- An Essay on the Coin and Credit of England as They Stand with Respect to Its Trade, 1696
- A Vindication of the Parliament of England: In Answer to a Book, Written by William Molyneux of Dublin, Esq. Intituled, The Case of Irelands Being Bound by Acts of Parliament in England, Stated, 1698
- Essay on the Registry for the Tithes of Land, 1698
- On the Linen Trade in Ireland, 1698
- An Account of the Proceedings of the Corporation of Bristol, in execution of the Act of Parliament for the better employing the poor of that City, 1700
- Some Considerations relating to the linnen manufacture in the Kingdom of Ireland, 1704
- A Proposal Offered to the Committee of the Honourable House of Commons Appointed to Consider of Ways for the Better Providing for the Poor and Setting Them on Work, 1700
- An account of the proceedings of the Corporation of Bristol in execution of the act of Parliament for the better employing and maintaining the poor of that city, 1700
- A Discourse of the Advantage of the African Trade to this Nation, 1712
- An Essay Towards Regulating the Trade, and Employing the Poor of this Kingdom, 1717
- The rights of the commons in Parliament assembled asserted and the liberties of the people vindicated, 1718
- A proposal for paying off the publick debts by erecting a national credit, 1719
- A Discourse on Trade, and Other Matters Relative to it, 1745
Relationship with John LockeEdit
During the end of the seventeen century, particularly after Cary published An Essay on the State of England, he began to develop a friendship with fellow Englishman John Locke via the correspondence of letters.
Locke is shown to express sincere approbation for Cary's writings, stating that "I think you have hit the mark ... 'Tis the balance of our trade with foreign countries, not altering the standard of our coin, which increases or lessens our bullion at home...".
Additionally, Locke is thought to have regarded Cary's Essay highly, seeing truth and honesty inherent in his works. In one exchange, Locke wrote to Cary that: "I see no party or interest you contend for but that of truth and your country".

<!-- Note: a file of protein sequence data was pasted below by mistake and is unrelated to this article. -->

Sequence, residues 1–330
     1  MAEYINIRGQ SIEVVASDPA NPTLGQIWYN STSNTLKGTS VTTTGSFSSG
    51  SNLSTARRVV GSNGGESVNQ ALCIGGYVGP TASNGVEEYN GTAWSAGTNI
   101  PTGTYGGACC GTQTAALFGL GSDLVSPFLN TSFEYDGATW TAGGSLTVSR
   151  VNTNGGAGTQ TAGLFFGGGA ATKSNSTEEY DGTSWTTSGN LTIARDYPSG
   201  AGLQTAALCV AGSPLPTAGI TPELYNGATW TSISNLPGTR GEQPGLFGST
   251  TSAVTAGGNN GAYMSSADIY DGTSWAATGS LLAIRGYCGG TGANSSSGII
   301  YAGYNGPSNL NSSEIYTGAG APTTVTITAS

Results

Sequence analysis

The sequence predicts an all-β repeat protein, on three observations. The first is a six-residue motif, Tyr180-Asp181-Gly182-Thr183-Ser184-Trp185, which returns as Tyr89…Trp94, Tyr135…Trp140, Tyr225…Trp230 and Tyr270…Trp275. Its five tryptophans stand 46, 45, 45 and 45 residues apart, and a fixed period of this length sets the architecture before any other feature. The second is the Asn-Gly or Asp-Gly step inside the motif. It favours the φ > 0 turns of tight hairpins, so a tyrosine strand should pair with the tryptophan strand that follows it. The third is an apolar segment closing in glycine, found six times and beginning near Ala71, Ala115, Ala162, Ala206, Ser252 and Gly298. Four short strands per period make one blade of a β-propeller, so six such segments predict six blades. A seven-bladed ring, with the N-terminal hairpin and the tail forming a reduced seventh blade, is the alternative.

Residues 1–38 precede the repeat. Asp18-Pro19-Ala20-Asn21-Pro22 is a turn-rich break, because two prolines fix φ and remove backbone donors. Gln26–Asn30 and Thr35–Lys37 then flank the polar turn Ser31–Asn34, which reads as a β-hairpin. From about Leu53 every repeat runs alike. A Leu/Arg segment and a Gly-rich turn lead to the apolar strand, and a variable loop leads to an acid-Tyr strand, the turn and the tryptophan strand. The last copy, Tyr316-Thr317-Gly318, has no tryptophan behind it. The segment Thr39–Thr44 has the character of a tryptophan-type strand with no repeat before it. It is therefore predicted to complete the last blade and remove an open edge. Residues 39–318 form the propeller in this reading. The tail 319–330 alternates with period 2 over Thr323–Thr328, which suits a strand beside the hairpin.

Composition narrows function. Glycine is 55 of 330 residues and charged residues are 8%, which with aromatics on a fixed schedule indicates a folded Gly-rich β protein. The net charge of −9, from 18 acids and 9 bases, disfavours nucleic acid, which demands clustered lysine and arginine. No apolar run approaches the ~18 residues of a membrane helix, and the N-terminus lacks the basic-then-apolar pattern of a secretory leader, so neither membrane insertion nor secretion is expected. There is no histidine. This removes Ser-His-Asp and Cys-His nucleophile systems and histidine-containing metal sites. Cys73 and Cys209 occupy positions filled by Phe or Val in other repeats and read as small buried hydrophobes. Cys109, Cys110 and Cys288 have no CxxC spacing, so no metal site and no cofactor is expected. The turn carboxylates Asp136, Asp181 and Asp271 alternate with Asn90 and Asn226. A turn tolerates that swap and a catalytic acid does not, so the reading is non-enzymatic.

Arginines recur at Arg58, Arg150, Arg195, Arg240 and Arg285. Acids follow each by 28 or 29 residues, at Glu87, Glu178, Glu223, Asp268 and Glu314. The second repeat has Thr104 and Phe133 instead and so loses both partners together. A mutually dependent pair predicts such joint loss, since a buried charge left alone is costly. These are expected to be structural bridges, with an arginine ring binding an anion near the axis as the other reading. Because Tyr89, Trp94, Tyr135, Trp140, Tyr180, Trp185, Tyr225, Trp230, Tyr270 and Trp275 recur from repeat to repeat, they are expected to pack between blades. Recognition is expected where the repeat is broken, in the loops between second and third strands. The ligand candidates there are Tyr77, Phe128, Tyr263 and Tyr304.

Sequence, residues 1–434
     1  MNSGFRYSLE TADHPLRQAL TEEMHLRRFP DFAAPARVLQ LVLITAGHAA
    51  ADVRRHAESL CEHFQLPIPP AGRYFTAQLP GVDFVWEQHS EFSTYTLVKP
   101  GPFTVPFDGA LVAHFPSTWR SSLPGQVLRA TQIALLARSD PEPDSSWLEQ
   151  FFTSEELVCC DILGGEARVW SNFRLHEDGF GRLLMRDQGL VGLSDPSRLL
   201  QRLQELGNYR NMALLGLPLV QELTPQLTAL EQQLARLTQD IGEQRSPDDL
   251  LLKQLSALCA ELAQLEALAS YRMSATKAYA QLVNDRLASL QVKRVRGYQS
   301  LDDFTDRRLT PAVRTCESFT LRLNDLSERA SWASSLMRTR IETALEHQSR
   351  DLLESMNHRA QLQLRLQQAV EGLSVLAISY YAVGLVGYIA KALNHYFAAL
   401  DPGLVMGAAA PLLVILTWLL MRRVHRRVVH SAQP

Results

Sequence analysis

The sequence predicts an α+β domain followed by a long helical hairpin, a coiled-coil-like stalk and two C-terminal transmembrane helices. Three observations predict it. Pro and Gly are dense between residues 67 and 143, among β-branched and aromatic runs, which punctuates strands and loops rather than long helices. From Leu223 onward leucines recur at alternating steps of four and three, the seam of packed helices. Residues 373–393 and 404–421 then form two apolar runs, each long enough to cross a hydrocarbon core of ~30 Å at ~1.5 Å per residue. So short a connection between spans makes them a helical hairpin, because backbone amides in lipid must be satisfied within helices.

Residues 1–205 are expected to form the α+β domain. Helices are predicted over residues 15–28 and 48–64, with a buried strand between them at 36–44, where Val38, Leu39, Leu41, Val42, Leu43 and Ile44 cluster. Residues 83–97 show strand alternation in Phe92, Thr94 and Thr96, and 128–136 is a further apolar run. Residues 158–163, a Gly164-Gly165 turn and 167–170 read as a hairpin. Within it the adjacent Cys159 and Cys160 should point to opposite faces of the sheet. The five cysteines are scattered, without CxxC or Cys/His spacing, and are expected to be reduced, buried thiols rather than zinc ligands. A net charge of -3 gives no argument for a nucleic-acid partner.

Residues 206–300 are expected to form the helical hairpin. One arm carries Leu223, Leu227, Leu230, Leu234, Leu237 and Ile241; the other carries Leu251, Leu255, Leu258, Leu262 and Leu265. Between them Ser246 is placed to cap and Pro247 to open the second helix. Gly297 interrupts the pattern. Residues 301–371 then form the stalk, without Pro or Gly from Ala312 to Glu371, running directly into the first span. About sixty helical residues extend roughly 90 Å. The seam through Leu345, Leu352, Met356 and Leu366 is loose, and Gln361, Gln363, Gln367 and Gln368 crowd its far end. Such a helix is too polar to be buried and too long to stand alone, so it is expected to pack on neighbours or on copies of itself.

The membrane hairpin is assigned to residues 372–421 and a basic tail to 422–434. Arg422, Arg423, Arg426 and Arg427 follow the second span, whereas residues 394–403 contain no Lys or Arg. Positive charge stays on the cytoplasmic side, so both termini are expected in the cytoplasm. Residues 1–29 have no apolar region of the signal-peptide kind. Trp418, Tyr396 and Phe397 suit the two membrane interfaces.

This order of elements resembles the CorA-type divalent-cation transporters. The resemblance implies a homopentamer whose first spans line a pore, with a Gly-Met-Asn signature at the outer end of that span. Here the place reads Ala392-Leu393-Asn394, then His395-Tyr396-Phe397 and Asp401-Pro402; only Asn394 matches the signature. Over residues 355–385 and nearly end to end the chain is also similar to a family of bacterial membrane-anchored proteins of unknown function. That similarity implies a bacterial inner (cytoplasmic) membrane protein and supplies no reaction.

In another exchange, also regarding Cary's Essay, Locke wrote a profound commendation:
"It is the best discourse I ever read on that subject.
Not only for the clearness of all that you deliver, and the undoubted evidence of most of it, but for a reason that weighs with me more than both those, and that is that sincere aim of the public good and that disinterested reasoning that appears to me in all your proposals; a thing that I have not been able to find in those authors on the same argument which I have looked into. The country gentleman, who is most concerned in a right ordering of trade, both in duty and interest, is of all others the most remote from any true notions of it or sense in his stake in it.
'Tis high time somebody should awaken and inform him, that he may in his place look a little after it.".
Additionally, the two exchanged quips of banter and critique. Cary has been noted of pointing out the flaws in Locke's calculation of exchange rates while Locke pointed out Cary's poor usage of Latin grammar.
Cary's 1695 A Discourse on Trade is cited as having one of the "earliest explicit discussions of machinery."  Cary, an advocate of the use of machinery to enhance the manufacturing sector and thereby create economic growth, wrote that England gained a competitive advantage over other competitors because of the innovation of English manufacturers.
"Tobacco is cut by Engines: Books are printed; Deal Boards are sawn with Mills; Lead is smelted by Wind Furnaces; all which save the Labour of many Hands, so the Wages of those employed need not be fallen ... New Projections are every Day set on Foot to render the making our Woollen Manufacturers easy, which should be rendered cheaper by the Contrivance of the Manufacturers, not by falling the Price of Labour; Cheapness creates Expence, and gives fresh Employments, whereby the Poor will be still kept at Work" (pg. 99–100)
Sophus Reinert, a historian at Harvard Business school, wrote about Cary's An Essay on the State of England in his 2011 book, Translating Empire: Emulation and the Origins of Political Economy. In Reinert's publication, he traced the economic translations between 1500 and 1849 to understand England's nationalistic policies during the eighteenth century and to ultimately explain the dynamics of political economy during this time period. Cary's 1695 work on Essay on the State of England has been described as "the forgotten book that helped shape the modern economy." 
- Sophus, Reinert (2011). Translating Empire. Cambridge: Harvard University Press. pp. 73–128.